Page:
Sample Surveys

Sample Surveys - Lecture Unit 3 Sample Surveys Producing...

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Lecture Unit 3 Sample Surveys Producing Valid Data “If you don’t believe in random sampling, the next time you have a blood test tell the doctor to take it all.”
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The election of 1948 The Predictions The Candidates Crossley Gallup Roper The Results Truman 45 44 38 50 Dewey 50 50 53 45
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Beyond the Data at Hand to the World at Large We have learned ways to display, describe, and summarize data, but have been limited to examining the particular batch of data we have. We’d like (and often need) to stretch beyond the data at hand to the world at large. Let’s investigate three major ideas that will allow us to make this stretch…
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3 Key Ideas That Enable Us to Make the Stretch
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Idea 1: Examine a Part of the Whole The first idea is to draw a sample. We’d like to know about an entire population of individuals, but examining all of them is usually impractical, if not impossible. We settle for examining a smaller group of individuals—a sample —selected from the population.
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Examples 1. Think about sampling something you are cooking —you taste (examine) a small part of what you’re cooking to get an idea about the dish as a whole. 2. Opinion polls are examples of sample surveys, designed to ask questions of a small group of people in the hope of learning something about the entire population.
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Convenience sampling : Just ask whoever is around. – Example: “Man on the street” survey (cheap, convenient, often quite opinionated or emotional => now very popular with TV “journalism”) Which men, and on which street? Ask about gun control or legalizing marijuana “on the street” in Berkeley or in some small town in Idaho and you would probably get totally different answers. Even within an area, answers would probably differ if you did the survey outside a high school or a country western bar. Bias : Opinions limited to individuals present . Sampling methods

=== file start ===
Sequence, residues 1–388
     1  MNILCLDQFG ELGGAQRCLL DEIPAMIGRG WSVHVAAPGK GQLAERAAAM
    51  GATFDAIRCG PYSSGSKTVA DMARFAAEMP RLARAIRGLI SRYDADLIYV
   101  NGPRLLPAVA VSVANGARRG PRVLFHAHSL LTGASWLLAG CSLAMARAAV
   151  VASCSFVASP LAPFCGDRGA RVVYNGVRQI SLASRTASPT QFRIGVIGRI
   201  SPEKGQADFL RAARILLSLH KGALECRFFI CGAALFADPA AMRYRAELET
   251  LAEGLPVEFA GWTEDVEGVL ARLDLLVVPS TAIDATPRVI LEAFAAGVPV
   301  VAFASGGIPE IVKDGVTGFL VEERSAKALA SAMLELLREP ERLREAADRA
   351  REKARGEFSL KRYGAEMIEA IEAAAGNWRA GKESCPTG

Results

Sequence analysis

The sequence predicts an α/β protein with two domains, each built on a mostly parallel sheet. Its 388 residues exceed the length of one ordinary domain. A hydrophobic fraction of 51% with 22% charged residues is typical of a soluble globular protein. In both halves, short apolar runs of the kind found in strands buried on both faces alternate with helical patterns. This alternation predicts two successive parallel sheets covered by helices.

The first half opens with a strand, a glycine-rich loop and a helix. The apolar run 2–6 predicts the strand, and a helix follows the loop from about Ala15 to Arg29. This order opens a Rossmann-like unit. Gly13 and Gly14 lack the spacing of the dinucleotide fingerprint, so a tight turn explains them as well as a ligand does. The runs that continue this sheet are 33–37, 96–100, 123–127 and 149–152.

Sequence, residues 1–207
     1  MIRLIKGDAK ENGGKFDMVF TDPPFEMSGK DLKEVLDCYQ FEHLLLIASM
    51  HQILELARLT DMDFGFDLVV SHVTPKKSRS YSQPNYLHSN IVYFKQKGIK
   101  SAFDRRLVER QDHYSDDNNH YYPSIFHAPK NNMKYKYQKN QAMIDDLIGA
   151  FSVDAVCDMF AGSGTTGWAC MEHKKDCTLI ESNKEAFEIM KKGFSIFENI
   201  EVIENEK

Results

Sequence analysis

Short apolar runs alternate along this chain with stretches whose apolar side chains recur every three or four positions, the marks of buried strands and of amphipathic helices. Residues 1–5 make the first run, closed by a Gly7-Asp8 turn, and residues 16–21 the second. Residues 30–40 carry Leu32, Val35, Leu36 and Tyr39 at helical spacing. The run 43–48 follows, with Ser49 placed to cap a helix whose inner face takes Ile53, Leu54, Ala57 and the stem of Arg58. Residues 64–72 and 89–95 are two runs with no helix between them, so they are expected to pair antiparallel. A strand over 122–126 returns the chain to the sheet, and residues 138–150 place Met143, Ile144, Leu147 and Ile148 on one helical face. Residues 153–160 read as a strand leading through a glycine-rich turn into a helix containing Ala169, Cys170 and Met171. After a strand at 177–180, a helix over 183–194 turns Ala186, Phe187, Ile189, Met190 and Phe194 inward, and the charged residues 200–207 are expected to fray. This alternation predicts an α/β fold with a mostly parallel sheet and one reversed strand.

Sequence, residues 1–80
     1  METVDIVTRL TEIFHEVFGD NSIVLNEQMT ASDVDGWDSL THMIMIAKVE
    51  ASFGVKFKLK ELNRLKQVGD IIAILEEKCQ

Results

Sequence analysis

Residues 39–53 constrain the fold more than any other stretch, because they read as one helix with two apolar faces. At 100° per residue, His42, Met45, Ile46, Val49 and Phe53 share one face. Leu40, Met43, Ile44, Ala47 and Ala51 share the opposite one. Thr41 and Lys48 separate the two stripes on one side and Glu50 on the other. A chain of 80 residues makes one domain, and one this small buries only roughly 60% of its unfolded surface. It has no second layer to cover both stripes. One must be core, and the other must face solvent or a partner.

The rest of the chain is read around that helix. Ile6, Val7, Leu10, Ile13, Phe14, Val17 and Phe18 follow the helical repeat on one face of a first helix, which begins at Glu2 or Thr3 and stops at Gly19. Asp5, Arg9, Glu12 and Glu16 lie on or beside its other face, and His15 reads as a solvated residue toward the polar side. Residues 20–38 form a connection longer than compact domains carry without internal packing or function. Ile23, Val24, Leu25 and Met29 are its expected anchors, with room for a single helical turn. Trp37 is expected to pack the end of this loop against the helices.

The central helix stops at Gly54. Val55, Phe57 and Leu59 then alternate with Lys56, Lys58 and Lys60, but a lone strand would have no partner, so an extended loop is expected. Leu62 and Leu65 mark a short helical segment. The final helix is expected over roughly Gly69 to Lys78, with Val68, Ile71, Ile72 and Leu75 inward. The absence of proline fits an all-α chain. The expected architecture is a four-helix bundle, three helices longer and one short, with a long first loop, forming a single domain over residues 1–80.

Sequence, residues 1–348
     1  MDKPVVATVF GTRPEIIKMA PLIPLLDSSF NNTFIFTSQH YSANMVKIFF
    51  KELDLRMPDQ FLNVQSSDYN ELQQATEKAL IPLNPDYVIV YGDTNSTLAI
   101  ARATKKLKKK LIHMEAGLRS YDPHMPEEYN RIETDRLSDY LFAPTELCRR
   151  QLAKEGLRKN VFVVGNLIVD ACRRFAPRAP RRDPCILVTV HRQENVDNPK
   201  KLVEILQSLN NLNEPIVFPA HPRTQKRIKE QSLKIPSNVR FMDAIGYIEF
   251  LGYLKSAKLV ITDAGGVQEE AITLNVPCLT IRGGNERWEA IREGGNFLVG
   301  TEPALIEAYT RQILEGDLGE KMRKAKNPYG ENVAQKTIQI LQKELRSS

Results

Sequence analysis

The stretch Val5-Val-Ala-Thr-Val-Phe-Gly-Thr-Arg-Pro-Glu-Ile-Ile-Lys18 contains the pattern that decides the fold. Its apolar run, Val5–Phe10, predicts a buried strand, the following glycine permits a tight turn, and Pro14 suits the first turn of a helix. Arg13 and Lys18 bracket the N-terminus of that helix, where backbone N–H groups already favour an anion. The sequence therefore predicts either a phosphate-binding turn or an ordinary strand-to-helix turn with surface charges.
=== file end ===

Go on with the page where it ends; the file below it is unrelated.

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Voluntary Response Sampling : Individuals choose to be involved. These samples are very susceptible to being biased because different people are motivated to respond or not. Often called “public opinion polls.” These are not considered valid or scientific. Bias: Sample design systematically favors a particular outcome. Ann Landers summarizing responses of readers 70% of (10,000) parents wrote in to say that having kids was not worth it—if they had to do it over again, they wouldn’t. Bias : Most letters to newspapers are written by disgruntled people. A random sample showed that 91% of parents WOULD have kids again.
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CNN on-line surveys: Bias : People have to care enough about an issue to bother replying. This sample is probably a combination of people who hate “wasting the taxpayers money” and “animal lovers.”
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Example: hospital employee drug use Why might this result in a biased sample?
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This note was uploaded on 03/10/2011 for the course BUS 350 taught by Professor Reiland during the Spring '08 term at N.C. State.

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Sample Surveys - Lecture Unit 3 Sample Surveys Producing...

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